Contrarian Investing and March Madness

Just as in stock market investing, I use a contrarian strategy for NCAA tournament betting pools. It involves making an upset pick I may not even believe is a good pick. Why? Most people pick favorites and higher seeds. If the higher seeds make it to the final 4 and the favorite wins, a lot of people end up being correct, and the winner of the pool is decided from among them by more random factors such as early round games. If a Cinderella team makes it to the final 4, most people turn out to be wrong, and the winner of the pool is one of the few people picking the Cinderella team.

In a year in which the games go as expected, many people end up being correct, and they have a small, mostly random chance of winning the entire pool.

In a year in which a Cinderella emerges, only a few people end up being correct, and they have a high chance of winning the entire pool.

My strategy: pick a Cinderella each year. My bracket will "blow up" most years. But when it doesn't, I win big. If there are 20 people in a winner-takes-all pool, I only need to be correct once every 20 years to come out even. In the last 15 years, I've won two pools, so I'm currently far ahead in terms of lifetime expectations.

Disclosure: My Cinderella pick this year is Boston College to the final 4, along with UNC, Memphis, and Duke.

Share this

I should add that I do have

I should add that I do have one contrarian strategy that does work well. Find the three or four most "trendy" upset picks, and pick the favorite.

My experience is to the

My experience is to the contrary. I usually pick mostly favorites, and I have done very well over the years. It seems like I finish second (in the money) most years. I, like you, am "ahead".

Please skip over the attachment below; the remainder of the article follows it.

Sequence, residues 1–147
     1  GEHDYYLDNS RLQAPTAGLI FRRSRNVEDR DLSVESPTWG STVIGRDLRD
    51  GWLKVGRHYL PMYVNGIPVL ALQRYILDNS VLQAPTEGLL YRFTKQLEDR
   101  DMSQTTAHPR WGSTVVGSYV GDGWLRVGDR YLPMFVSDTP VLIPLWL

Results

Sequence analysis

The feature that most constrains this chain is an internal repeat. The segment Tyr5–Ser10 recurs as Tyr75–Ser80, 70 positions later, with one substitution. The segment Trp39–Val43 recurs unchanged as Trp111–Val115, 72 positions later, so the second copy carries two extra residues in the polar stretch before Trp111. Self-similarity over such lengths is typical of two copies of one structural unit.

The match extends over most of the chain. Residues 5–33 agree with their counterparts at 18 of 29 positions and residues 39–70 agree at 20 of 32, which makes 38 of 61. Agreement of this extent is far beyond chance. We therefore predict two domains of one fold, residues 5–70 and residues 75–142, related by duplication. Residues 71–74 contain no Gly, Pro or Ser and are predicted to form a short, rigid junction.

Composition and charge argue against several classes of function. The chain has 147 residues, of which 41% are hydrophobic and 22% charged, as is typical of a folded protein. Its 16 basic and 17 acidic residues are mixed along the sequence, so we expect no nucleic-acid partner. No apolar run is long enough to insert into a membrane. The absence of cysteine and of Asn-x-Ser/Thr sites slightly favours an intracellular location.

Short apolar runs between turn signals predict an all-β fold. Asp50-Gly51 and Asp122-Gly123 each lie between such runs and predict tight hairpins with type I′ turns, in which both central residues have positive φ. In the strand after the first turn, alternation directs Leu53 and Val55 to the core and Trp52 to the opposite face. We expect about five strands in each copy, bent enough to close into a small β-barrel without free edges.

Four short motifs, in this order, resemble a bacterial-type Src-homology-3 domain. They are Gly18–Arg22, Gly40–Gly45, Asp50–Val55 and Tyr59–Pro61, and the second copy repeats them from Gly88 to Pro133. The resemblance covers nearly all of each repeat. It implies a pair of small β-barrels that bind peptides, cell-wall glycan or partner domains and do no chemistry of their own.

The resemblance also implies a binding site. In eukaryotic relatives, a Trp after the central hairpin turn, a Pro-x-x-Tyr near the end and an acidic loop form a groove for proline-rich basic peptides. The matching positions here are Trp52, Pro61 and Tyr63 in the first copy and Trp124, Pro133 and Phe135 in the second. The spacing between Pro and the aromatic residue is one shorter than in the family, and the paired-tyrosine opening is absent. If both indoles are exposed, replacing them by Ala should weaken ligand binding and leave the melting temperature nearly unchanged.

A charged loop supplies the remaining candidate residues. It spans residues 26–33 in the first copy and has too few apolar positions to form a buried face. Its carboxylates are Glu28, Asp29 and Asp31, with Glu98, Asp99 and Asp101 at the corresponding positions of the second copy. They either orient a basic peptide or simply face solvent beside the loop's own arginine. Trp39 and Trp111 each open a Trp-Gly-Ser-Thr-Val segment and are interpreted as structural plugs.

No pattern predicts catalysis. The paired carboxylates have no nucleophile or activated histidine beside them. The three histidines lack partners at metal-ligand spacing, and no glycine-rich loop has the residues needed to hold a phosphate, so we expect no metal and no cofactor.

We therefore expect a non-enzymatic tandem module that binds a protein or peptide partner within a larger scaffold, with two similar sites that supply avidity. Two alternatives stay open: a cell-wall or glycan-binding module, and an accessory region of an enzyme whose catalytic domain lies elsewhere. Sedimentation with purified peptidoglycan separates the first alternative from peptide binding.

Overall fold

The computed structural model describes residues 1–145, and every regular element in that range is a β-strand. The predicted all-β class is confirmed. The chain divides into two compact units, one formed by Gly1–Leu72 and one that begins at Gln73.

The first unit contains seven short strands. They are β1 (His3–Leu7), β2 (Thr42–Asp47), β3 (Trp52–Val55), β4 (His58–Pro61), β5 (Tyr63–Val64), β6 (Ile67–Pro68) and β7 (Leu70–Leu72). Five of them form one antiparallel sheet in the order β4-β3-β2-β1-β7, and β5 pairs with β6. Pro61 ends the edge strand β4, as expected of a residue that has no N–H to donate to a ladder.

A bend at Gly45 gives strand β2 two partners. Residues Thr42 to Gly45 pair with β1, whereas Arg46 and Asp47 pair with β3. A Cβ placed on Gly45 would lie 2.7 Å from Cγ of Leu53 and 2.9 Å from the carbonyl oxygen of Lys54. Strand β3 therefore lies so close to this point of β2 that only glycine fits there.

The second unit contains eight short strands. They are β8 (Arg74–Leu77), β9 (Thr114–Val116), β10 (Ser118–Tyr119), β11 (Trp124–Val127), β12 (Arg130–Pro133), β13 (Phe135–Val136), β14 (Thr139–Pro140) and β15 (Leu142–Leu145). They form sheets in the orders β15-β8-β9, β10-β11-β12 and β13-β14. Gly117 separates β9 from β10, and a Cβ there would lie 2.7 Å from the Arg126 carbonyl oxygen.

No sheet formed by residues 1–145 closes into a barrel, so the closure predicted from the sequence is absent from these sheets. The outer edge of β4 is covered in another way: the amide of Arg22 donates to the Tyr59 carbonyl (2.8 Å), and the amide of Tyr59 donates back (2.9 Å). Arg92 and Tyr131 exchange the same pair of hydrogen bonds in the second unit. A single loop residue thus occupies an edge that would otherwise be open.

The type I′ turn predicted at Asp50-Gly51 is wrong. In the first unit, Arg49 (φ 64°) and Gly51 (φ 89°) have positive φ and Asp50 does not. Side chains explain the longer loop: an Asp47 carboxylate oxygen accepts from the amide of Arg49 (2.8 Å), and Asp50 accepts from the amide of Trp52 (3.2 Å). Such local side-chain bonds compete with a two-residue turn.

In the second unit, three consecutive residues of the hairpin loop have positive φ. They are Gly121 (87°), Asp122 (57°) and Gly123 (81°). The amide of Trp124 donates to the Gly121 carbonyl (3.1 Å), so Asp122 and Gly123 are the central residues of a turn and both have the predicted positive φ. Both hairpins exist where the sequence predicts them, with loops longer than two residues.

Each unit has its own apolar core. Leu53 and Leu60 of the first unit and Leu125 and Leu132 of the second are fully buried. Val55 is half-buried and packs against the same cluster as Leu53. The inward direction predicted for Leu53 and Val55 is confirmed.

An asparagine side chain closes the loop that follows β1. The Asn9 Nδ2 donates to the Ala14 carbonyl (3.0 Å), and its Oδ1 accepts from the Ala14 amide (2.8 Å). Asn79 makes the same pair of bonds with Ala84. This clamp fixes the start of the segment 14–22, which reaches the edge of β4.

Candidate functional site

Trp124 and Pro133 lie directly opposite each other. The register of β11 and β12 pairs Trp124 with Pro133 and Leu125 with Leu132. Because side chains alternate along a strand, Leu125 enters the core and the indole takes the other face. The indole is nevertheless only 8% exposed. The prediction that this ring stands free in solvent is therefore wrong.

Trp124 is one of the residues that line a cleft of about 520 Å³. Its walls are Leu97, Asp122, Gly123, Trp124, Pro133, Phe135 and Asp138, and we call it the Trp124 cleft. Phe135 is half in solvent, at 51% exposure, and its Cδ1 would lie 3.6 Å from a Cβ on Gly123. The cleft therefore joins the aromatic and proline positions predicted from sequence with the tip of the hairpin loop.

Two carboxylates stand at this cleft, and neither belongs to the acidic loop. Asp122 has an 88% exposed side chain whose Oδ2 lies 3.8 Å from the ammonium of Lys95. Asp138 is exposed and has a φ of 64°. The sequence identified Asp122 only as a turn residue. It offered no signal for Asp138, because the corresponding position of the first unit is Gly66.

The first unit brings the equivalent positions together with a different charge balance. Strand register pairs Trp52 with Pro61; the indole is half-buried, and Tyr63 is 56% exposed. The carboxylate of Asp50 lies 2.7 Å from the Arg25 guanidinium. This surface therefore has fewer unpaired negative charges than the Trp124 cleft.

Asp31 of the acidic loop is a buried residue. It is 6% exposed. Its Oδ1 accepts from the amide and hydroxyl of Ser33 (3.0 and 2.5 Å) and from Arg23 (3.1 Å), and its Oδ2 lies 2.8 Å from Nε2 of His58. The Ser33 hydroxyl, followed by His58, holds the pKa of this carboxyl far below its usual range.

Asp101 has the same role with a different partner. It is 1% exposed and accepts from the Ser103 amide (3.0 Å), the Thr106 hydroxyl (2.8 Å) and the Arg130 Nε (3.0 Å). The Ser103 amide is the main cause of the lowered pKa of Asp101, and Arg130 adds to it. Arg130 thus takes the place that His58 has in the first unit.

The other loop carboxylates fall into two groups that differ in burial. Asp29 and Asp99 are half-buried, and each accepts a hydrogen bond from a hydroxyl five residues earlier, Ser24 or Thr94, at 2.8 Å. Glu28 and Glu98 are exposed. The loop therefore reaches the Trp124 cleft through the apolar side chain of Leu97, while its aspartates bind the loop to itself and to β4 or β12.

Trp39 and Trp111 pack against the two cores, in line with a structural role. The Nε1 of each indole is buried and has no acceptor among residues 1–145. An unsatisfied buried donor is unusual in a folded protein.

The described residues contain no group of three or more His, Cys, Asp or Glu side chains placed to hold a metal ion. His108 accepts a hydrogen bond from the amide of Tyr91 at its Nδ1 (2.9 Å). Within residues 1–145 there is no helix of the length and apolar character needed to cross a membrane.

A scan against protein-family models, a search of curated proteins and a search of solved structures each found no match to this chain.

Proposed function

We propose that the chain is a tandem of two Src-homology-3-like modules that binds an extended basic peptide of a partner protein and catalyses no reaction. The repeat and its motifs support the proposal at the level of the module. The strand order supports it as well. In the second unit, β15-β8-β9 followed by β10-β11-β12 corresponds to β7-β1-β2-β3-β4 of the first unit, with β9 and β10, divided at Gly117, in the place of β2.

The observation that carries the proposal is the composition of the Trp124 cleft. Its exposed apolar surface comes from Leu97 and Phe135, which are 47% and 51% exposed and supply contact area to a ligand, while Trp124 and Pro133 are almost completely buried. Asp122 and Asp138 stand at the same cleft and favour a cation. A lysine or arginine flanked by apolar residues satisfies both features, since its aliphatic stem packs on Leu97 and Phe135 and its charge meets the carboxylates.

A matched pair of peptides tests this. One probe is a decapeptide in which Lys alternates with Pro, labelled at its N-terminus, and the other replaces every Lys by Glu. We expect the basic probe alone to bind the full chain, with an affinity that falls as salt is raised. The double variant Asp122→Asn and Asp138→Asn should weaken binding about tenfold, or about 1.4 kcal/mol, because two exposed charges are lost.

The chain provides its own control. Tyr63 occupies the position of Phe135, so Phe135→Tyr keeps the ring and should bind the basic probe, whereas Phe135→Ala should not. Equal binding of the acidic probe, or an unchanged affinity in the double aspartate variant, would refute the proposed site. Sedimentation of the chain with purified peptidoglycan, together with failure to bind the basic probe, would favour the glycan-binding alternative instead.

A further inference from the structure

There is really no reason to expect one to do better over the other, really. One multiplies a high probablity (that you will pick a lot of games correctly, mosly big favorites) by a small one (that you will actually do well enough on the random factors to beat out all of your many competitors). The other multiplies a low probability (that your upset picks will actually turn out) by a high one (that if they do, you'll be the champ). Theoretically, I would expect one approach to be equal, in the long run, to the other, if by a different avenue. Empirically (per anecdote), it seems that might be the case.

Alright, now my bracket has

Alright, now my bracket has officially blown up.

Williams and Reddick had horrible games for seniors.

Trent says his second place

Trent says his second place lands him in the money, while Jonathan hypothesized a "winner take all" pool. You are talking about slightly different arrangements and the differences may play a subtle role here. Playing mostly favorites will usually let you do okay, and in a pool where your competition is trying to pick the upsets most of the competitors will blow up. Result: sticking with mostly favorites gets you close to the top.

In "winner take all," close isn't good enough, so roll the dice and pick your upsets. On the other hand, if the pool money is spread out across top finishers, aiming for close becomes a reasonable strategy.

Of course it depends on the size of the pool, cost of entry, and the precise distribution of winnings.

A casual look at the ESPN Tournament Challenge National Bracket suggests that people tend to pick more upsets than historical results can justify. I think most people do try to pick the upsets (and most go down in flames). Jonathan's "contrarian strategy" is not so contrarian, maybe just more extreme than average.

I've posted some thoughts about using markets to aid NCAA bracket picks at www.knowledgeproblem.com/archives/001556.html